August 3, 1978, the Commissioner of Patents and Trademarks, by his solicitor, petitioned this court to vacate its decision in Chakrabarty, recall its mandate, and enter a new decision affirming the PTO board in view of the Supreme Court's order in Bergy. The solicitor argued that the action taken in Parker v. Flook showed that our decision in Chakrabarty "was demonstrably wrong." Chakrabarty, on August 11, opposed the petition, pointing out that in the Supreme Court's order in Bergy "there is no hint that this Court's decisions in Bergy and Chakrabarty were `demonstrably wrong'." We granted the petition to the extent of vacating our judgment.

Perceiving the foregoing situation and being mindful of the similarities as well as the differences of the Bergy and Chakrabarty cases and of the fact they involved the same single issue, we issued orders in Bergy on August 8 and in Chakrabarty on August 11, 1978, restoring both cases to the calendar, setting times for filing supplementary briefs directed solely to the effect, if any, of Parker v. Flook on our decisions, and setting the cases for hearing together on November 6, 1978.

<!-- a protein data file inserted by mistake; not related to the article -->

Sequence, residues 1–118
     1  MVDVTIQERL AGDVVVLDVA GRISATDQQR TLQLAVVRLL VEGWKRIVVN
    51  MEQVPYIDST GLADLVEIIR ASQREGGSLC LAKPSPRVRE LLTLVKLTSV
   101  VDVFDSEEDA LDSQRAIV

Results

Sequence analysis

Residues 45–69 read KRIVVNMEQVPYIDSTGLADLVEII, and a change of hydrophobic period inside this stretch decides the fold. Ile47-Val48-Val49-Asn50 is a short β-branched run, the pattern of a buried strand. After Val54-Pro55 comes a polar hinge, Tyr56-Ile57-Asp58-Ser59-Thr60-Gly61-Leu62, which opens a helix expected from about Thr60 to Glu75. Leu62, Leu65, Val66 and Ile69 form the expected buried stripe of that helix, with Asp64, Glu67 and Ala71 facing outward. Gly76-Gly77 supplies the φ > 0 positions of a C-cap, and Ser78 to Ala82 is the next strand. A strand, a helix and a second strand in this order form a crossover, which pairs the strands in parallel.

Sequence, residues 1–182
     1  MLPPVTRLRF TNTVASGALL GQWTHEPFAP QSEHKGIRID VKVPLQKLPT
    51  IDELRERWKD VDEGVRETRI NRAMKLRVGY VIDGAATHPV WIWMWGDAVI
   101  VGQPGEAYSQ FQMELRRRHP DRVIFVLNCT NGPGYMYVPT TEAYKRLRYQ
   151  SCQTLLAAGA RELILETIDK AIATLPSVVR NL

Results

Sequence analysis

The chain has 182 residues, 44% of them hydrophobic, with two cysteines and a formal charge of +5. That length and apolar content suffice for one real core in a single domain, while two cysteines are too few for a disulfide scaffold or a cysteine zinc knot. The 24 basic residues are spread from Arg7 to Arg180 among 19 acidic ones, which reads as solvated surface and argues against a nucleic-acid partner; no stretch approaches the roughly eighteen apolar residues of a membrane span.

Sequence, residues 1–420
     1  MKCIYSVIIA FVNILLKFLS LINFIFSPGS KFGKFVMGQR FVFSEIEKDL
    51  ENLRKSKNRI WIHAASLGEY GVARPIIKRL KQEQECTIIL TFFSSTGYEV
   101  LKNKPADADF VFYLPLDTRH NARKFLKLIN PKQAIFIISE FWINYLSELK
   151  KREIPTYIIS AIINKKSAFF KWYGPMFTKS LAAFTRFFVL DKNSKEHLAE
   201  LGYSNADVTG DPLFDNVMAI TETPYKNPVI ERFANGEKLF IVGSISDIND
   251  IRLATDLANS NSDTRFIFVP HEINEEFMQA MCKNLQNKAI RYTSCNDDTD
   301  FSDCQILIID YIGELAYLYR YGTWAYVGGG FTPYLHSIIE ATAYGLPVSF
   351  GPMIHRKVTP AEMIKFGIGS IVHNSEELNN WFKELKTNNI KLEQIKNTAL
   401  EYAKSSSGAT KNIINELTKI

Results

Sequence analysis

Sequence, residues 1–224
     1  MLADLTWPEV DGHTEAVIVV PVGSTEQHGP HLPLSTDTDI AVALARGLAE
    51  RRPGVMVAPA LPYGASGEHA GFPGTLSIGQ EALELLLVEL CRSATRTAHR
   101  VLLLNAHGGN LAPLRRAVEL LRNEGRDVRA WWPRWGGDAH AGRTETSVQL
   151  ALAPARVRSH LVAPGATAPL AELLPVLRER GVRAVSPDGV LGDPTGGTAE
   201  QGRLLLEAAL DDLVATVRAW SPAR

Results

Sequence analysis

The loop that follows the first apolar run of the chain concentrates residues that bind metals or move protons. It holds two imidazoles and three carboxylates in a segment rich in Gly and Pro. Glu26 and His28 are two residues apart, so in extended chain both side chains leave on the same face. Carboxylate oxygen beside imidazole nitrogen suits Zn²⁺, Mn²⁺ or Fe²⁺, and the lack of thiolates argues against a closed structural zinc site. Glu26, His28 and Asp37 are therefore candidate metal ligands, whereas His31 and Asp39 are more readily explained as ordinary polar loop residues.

Counsel for Chakrabarty and the Solicitor General then stipulated, pursuant to Rule 60(1) of the Supreme Court, that Chakrabarty's petition for a writ of certiorari be dismissed in view of this court's order vacating our judgment and recalling our mandate, and the petition was so dismissed on August 25, 1978.

Prior to the oral argument, this court received amicus curiae briefs on behalf of The Regents of the University of California, The American Patent Law Association, Genentech, Inc. (a California Corporation located in South San Francisco), and Cornell D. Cornish, patent attorney, on behalf of himself and the Village of Belle Terre, Long Island, New York.

The Genentech brief, furthermore, called to our attention three resolutions, Nos. 30-32, adopted by the Section of Patent, Trademark and Copyright Law of the American Bar Association at its August 1978 Annual meeting directed to the issue in these appeals and supportive of our prior decisions herein. (1978 Summary of Proceedings, Section of Patent, Trademark and Copyright Law, A.B.A. 31.)

Appellants in both cases and the PTO appeared by counsel on November 6, 1978, and presented oral argument,...